There are problems – number one, these movements rarely have a sense of the wider Christian tradition.  And two, these churches are often very sectarian and they are often cut off from the tradition of the church.  You can see some going off in bizarre theological directions.  The churches of the North carry the tradition of the church, and carry the sense of the church being one, the catholicity of the church.  But they lack the energy that is present in the church in the south.  So building bridges is necessary between the two.  This is problematic for the ecumenical and international church organizations, many of them, because they don’t have the necessary scope of relationships to make bridge-building possible.  So that’s why, for instance, the Global Christian Forum is one of the most hopeful things to me, which brings together the full scope of those voices.  But ultimately, what’s happening in the global south is what is shaping Christianity – and if we don’t relate to that we won’t be useful to God’s mission.

Dick Hamm (DH): There’s two other points.  The south has come to the north in many ways with immigrant communities that are burgeoning, and every denomination I know of is trying to make new congregations of these immigrant people.  Denominational leaders know that these new immigrants hold knowledge that is needed in the north.

The other point is the area of overseas ministries, which used to be done pretty colonially, has moved to be done more in partnership.  But as the northern churches shrink, overseas ministries is more about transformation of the church in the north.  We do have resources, of course, and we should share these.  But the focus has changed and now there are two in overseas ministries – what we can give and what we can get.  So, I think overseas ministries programs need to get North American Christians to the south to see the south in ways that are not damaging to the south, so that they can learn and bring news of the riches of the church in the south.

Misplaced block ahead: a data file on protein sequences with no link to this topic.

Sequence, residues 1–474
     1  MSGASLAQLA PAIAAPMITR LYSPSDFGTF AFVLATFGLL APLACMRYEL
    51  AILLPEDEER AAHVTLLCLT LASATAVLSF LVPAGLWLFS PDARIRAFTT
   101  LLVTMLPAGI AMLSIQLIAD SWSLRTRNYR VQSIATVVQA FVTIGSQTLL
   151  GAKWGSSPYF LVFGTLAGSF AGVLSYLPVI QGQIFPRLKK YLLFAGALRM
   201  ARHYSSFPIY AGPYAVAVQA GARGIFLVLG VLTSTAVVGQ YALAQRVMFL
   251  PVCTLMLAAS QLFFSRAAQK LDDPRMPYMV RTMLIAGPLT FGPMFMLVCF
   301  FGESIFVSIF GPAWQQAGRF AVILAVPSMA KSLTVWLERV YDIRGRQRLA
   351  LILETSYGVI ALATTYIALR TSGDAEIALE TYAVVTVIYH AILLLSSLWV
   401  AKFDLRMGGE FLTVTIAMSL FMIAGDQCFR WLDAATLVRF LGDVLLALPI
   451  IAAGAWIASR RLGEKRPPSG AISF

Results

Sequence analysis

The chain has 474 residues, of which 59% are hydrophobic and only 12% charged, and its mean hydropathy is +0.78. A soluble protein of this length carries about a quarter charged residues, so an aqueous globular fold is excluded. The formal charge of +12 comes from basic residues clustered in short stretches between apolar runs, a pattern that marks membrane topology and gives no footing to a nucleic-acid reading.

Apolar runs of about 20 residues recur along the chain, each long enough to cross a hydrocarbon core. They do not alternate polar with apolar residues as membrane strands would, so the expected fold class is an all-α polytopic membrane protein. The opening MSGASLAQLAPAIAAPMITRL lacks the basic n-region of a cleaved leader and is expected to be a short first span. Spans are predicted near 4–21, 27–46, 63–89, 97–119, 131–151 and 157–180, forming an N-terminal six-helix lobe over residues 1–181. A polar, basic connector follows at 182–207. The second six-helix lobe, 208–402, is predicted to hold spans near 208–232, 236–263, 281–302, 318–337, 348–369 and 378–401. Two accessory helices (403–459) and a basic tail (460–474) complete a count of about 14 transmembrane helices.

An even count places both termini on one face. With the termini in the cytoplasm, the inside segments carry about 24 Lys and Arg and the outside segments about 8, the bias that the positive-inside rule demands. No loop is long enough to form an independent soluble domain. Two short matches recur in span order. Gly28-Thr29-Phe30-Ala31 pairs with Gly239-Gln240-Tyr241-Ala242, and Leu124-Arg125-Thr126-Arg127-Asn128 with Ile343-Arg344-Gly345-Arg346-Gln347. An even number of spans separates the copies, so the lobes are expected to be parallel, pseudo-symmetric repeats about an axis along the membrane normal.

Adam Phillips (AP): There’s been a great Pew Forum on Religion and Public Life survey that came out in December.  They researched over 200 countries, and showed that 1/3 of the people in the world identify as Christian, and there is no geographical center for that except that it is in the south.  So that data proves that reality.  So we need to rethink our ways of doing mission, development work, poverty assistance – fighting malaria, fighting AIDS, getting clean water to people – and finding ways that we can partner together, in international trade policy, and how we set up our economies, and how we can work together to be advocates for economic systems that serve people rather than harm people.  The church has been a bit reactionary about this and we need to look at what we can learn from our brothers and sisters in the south.

The other issue is interfaith relationships, and that too has moved to the south.  There have been some awful stories about the violence in relationships between Christians and Muslims, and there are also some wonderful stories of dialogue and relationships in Africa, like in Sierra Leone, which is 50% Christian, 50% Muslim.  They are really doing some great things to combat malaria, and work to address joblessness, and toward development.  What can we learn from them about how to work in constructive directions in interfaith ways?  Looking for the positive stories from the south that can help us move forward in the vast diversity present in the faith community would be a sign of progress.